Personalisation and ease of doing business are also key consumer expectations, where technology can assist.

 

As cyber risks grow, implementing some measure of cybersecurity has become critically important. In an increasingly competitive and complex operating environment, every advantage counts.

 

 

Educated and experienced entrepreneurs have a higher likelihood of success

 

 

Interestingly, we are seeing more and more South Africans choose to leave formal corporate employment once they have gained some experience in order to establish their entrepreneurial ventures.

 

 

Our data reveals that the entrepreneurial ventures of these individuals have a high likelihood of succeeding. Less educated individuals, particularly those living in township areas, however, often have a harder time succeeding which is why they need more support and mentorship to succeed.

 

 

Growing resilience within the SME sector

 

 

There will be an increased focus on ensuring SMEs become more resilient in order to ensure their sustainability and survival.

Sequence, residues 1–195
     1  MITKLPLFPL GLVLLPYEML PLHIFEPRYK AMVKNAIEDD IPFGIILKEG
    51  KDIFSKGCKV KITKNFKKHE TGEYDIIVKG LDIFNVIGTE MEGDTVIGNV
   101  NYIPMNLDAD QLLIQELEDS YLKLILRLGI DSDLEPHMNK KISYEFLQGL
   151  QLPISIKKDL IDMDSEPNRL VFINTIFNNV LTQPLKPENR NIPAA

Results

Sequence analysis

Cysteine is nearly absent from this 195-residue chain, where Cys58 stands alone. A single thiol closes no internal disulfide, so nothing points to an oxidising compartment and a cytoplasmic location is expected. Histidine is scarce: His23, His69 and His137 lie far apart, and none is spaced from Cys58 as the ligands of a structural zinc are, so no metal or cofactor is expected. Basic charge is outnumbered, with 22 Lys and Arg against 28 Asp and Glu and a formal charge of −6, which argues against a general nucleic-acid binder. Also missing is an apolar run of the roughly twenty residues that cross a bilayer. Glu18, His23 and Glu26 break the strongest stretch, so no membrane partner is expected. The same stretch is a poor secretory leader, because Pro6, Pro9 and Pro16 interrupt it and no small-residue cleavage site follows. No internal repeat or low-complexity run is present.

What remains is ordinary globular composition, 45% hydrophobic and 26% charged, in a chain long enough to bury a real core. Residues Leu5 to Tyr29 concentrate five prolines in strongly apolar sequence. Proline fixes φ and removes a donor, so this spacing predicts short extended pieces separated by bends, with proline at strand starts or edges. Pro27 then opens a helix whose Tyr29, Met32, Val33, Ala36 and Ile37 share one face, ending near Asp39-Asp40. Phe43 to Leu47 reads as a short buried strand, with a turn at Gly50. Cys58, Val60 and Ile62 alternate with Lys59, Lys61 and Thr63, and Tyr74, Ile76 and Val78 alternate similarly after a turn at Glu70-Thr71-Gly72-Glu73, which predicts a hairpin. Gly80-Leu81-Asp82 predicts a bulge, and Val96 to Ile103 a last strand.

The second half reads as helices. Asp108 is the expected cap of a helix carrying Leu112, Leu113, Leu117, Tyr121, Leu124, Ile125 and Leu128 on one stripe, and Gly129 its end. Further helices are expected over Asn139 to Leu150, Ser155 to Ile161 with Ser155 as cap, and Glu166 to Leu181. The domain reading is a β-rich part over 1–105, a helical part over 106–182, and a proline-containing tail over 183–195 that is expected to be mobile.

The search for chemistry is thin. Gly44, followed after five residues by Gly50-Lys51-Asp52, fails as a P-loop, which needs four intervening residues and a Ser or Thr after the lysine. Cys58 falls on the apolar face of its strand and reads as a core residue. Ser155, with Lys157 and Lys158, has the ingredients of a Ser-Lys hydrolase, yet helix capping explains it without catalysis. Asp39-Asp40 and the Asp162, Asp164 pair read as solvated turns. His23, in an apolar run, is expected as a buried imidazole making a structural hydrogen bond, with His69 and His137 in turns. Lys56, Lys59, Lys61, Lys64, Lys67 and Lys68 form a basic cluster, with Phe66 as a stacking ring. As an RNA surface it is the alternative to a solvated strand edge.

While every small business needs to learn to roll with the punches, they also need to learn how to use their size as an advantage rather than a disadvantage and embrace their ability to be agile and pivot in a new direction when necessary.

 

 

Having a strategic growth plan in place and the ability to talk the language of investors is critical when they are planning to scale and are looking for investors.

 

 

Given South Africa’s current socio-economic situation, it’s all too easy to become bogged down in a quagmire of pessimism. However, a challenging environment is often one that is rich in opportunity for entrepreneurially focused SMEs.

 

 

As American entrepreneur Victor Kiam so succinctly put it, “Entrepreneurs are simply those who understand that there is little difference between obstacle and opportunity and are able to turn both to their advantage.”

 

 

Source: IOL – Catherine Wijnberg